The saga of Indian theatre dates back to 5000 years or more. In fact, the very first book on drama, called the Natya Shastra was written by Bharat Muni. The rich timeline of Indian theatre has gone through a number of periods. These different periods were actually caused by the different rulers who invaded India time and again. Based on the phases of the development of Indian theatre, the history of Indian theatre can actually be classified into three stages:
• Theatre in ancient India,
• Theatre in medieval India and,
• The Modern Indian Theatre,
According to ancient Indian tradition Indian theatre was life size art. Theatre in ancient India was just not an art form but the systematic representation of “trividho shilpam nrutyam gitam vaditam cha” (dancing, singing and playing on musical instruments). Theatre in medieval India gradually became quite a thriving personification and of course a refined embodiment of the realities of life through dance, music and poise. The introduction of “ Loknatya” during mid 16th and late 16th century again added a whole fresh enunciation to Indian theatre during the medieval period. And the modern Indian theatre was influenced by the British rule in India. During 200 years of the British rule in the country, the Indian theatre came into the direct contact with the western theatre and this influence turned a new chapter in the history of Indian theatre while giving birth to the modern Indian theatre.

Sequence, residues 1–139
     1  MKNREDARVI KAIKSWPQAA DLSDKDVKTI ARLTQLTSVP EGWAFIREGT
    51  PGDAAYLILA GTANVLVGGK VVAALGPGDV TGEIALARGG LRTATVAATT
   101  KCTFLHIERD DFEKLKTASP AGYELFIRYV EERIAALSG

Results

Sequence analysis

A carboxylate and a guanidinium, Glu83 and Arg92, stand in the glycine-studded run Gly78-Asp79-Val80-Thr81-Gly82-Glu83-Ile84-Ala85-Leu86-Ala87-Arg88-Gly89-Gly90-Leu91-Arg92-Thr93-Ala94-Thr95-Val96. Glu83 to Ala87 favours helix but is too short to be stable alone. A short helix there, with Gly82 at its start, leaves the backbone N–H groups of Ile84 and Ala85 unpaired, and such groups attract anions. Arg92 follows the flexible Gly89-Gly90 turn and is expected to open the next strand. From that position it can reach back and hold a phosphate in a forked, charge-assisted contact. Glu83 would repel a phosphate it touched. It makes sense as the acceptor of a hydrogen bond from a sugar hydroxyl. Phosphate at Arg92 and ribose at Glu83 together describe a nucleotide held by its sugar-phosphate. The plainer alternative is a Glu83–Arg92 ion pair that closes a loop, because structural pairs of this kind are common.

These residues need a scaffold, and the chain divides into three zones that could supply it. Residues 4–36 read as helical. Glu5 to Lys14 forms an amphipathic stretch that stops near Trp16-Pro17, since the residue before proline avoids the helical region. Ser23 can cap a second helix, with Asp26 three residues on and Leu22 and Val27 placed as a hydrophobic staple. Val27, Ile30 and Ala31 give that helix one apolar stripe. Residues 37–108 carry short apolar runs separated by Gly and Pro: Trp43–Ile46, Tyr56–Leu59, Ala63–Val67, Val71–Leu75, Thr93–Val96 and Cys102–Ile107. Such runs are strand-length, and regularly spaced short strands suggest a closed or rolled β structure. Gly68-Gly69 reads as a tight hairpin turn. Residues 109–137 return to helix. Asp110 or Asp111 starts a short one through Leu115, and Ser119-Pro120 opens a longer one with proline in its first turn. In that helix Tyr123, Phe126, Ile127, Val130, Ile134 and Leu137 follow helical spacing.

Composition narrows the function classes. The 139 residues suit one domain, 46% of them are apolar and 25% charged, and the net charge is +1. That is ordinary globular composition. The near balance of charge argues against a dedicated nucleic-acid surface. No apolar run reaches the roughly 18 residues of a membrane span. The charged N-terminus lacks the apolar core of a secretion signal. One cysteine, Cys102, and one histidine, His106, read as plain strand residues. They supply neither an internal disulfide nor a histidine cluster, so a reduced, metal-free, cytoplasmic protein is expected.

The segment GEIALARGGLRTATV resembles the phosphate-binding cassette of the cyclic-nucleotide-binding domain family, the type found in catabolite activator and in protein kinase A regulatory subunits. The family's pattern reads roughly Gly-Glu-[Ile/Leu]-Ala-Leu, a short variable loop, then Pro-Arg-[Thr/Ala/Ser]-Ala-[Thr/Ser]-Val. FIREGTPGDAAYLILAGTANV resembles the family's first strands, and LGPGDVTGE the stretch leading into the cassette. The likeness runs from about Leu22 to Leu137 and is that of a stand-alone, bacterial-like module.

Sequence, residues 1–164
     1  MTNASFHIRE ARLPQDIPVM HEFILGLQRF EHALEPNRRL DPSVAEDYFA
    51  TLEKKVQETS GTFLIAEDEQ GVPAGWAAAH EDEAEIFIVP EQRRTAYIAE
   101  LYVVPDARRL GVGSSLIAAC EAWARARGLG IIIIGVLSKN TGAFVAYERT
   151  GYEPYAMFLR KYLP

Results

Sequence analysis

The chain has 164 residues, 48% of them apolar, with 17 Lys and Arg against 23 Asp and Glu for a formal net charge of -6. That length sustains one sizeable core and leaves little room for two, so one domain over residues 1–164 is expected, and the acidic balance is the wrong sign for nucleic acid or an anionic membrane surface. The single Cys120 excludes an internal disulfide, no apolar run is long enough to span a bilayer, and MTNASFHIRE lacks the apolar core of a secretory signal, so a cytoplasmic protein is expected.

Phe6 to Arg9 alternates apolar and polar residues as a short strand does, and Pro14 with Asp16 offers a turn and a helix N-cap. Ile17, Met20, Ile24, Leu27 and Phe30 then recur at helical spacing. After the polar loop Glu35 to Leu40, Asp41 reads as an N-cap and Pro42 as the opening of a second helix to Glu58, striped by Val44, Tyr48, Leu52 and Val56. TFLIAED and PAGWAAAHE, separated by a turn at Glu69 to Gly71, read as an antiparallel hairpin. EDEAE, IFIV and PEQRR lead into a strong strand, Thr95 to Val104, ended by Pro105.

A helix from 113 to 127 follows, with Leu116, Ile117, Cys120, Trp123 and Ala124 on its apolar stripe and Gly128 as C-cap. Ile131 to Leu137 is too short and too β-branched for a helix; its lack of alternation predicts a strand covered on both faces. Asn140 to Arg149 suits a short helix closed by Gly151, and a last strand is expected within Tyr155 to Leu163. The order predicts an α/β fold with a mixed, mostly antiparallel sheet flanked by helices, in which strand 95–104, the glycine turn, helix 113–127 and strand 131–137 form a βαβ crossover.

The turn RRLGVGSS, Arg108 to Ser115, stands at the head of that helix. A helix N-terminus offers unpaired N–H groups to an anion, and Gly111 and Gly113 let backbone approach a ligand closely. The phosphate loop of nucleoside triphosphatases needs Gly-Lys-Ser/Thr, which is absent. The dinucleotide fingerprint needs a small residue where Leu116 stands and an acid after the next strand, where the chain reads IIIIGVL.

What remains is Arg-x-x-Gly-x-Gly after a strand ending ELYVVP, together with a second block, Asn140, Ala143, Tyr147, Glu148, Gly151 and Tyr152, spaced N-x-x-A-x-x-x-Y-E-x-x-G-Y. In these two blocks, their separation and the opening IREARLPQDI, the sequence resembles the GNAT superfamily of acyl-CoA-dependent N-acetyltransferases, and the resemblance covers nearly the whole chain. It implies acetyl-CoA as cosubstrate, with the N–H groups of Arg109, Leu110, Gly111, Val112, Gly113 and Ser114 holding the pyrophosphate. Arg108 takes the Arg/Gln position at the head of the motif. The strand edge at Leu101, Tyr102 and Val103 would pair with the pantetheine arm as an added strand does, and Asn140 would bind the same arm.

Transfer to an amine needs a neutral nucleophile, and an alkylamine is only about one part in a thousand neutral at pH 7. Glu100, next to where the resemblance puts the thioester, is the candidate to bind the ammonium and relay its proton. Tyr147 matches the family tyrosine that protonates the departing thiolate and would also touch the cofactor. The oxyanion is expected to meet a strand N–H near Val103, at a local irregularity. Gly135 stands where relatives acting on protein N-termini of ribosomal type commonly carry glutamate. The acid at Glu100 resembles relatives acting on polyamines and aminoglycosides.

The rich chronicle of Indian theatre unveils the rich Indian culture and tradition through different dramatic forms. Few forms of theatre are Bhand Pather (Kashmir), Swang (Rohtak & Hathras), Nautanki (Uttar Pradesh), Raasleela, Bhavai (Gujarat), Krishna Jatra (Bengal), Maach (Madhya Pradesh), Bhaona (Assam), Dashavatar ( Goa region), Krishnattam ( Kerala), Mudiyettu (Kerala), Theyyam (Kerala), Koodiyaattam (Kerala), Yakshagaana ( Karnataka), Therukoothu (Tamil Nadu), Bidesia Dance, Burrakatha (Andhra Pradesh), Prahalad Natake (Odisha), Kuravanji.
Puppet Theatre of India- In the traditional puppet theatre of India the contents are generally adapted from puranic literature, local myths and legends which, in turn, imbibes elements of all creative expressions like painting, sculpture, music, dance, drama, etc. The presentation of puppet programmes involves the creative efforts of many people working together. There are four famous types of puppet theatre. They are: String Puppets, Shadow Pappets, Rod Puppets and Glove Puppets.